Alabama Attorney General Luther Strange is among a small group of state Attorneys General who say they opposed a proposed nationwide settlement with the nation’s largest mortgage servicers related to foreclosure abuses. The settlement, entered into by a coalition of Attorneys General and other governmental officials, would impose new regulations and fines against the servicers. Media reports indicated mortgage servicers could be required to pay at least $20 billion to U.S. homeowners who incurred losses from mishandled foreclosures or loans during the housing collapse.
Attorney General Strange, along with the Attorneys General of Oklahoma and Nebraska, wrote a letter in March raising concerns over the term sheet submitted to the largest U.S. mortgage servicers. The three Attorneys General said in their letter to Iowa Attorney General Tom Miller, who is leading negotiations for the states involved in the settlement:
What started out as an effort to correct specific practices harmful to consumers has morphed into an attempt to establish an overarching regulatory scheme that fundamentally restructures the mortgage loan industry in the United States.
In a separate letter to Attorney General Miller, Attorneys General for Virginia, Texas, Florida and South Carolina expressed similar concerns about the settlement. They said the settlement would conflict with state laws and go “beyond enforcement and into regulation.” Georgia’s Attorney General also has voiced disagreement. While the states have broken ranks in recent weeks, back in October all 50 states Attorneys General united to inquire whether mortgage servicers improperly handled foreclosure documents. Based on our firm’s involvement in civil litigation, I know for a fact that the wrongful handling of foreclosures has happened in great number.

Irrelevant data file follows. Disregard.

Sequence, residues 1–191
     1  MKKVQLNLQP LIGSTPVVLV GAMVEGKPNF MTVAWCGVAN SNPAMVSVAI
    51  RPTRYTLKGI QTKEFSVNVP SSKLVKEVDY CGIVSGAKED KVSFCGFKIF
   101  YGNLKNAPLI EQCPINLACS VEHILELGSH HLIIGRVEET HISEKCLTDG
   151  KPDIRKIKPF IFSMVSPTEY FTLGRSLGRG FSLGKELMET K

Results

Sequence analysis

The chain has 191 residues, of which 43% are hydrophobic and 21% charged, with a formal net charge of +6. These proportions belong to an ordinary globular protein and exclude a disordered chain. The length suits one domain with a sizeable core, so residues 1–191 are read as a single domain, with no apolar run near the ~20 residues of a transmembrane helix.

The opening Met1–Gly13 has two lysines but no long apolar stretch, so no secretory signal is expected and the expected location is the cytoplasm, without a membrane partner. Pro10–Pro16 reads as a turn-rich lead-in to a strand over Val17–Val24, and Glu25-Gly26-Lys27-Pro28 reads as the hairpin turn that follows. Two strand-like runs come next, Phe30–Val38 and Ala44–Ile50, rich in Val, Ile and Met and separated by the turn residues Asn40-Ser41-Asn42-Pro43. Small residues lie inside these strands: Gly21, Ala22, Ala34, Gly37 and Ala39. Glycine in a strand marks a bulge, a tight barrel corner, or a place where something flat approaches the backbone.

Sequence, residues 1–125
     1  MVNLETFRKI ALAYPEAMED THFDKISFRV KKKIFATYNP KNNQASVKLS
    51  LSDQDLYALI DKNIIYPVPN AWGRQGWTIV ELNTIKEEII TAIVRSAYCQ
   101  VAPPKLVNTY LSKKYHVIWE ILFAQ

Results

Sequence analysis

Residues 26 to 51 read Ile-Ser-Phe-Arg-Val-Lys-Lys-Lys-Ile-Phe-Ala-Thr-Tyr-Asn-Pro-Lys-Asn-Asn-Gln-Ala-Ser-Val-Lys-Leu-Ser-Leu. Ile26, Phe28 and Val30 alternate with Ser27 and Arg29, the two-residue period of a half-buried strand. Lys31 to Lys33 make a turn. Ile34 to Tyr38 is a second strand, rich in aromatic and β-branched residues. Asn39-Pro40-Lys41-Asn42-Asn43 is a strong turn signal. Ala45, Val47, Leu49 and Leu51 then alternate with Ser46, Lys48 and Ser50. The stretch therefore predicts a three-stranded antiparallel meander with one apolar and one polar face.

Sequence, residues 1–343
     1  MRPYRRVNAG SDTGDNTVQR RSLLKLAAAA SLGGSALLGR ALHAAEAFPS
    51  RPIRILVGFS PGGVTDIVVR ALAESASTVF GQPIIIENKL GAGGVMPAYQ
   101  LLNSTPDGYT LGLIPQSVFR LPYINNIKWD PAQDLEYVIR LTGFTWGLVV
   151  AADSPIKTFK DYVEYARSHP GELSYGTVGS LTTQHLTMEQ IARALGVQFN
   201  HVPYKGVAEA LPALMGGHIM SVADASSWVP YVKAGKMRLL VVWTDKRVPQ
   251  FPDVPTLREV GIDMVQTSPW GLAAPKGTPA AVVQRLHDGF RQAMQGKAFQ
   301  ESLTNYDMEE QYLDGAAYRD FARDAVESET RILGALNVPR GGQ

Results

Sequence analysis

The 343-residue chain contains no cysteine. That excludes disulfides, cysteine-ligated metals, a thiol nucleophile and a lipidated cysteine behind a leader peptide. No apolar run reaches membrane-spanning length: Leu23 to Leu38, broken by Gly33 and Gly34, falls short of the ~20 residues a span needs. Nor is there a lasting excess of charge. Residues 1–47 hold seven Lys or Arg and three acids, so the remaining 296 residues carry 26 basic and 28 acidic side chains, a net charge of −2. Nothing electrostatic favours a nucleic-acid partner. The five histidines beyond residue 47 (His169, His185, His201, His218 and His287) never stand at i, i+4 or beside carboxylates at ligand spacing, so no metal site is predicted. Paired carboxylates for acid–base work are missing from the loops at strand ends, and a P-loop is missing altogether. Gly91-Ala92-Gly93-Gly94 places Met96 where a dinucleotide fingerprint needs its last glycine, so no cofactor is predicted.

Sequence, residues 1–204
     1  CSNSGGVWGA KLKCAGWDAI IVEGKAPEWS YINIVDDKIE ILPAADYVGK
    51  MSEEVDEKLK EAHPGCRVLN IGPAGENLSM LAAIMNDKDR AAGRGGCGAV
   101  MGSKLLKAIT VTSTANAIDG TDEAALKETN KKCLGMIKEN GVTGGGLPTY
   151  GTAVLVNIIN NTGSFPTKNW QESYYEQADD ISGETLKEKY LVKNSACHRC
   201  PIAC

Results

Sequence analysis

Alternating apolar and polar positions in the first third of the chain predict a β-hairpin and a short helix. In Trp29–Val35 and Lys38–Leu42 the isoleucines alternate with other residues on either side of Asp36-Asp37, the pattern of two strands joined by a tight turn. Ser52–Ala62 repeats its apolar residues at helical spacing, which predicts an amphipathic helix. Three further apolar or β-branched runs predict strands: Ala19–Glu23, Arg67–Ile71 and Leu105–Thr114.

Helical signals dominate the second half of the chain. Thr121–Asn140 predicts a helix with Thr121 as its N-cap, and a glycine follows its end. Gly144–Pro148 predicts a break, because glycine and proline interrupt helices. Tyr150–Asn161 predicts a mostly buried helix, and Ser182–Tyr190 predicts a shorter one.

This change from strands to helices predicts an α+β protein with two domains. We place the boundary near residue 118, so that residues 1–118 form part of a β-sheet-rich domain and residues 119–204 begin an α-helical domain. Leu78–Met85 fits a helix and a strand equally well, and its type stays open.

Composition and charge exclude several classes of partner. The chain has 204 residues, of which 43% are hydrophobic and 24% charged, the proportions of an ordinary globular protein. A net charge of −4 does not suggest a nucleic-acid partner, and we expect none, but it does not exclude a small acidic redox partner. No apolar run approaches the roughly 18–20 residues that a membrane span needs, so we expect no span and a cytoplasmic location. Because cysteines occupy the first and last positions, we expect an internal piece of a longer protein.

Any mortgage servicer engaged in illegal or deceptive practices must be held accountable for their wrongdoing. But current Alabama law doesn’t provide adequate protection to consumers fighting wrongful foreclosure. Attorney General Miller’s office has accused Bank of America of engaging in a strategy to divide the 50 states in their support for the settlement.
In an action, separate from the Attorneys General settlement, several federal banking regulators recently announced formal enforcement actions against eight national mortgage servicers and two third-party service providers for “unsafe and unsound” practices. Those actions will require the mortgage servicers to improve residential mortgage loan servicing and foreclosure processing. It may also result in independent inquiries into previous foreclosure processing.
Contact us today for a free legal consultation with an experienced attorney.
Fields marked *may be required for submission.
If you would like to subscribe to the Jere Beasley Report digital edition, simply visit our Subscriptions page and provide the necessary information or call us at 800-898-2034.
Attorney Advertising - Prior results do not guarantee a similar outcome.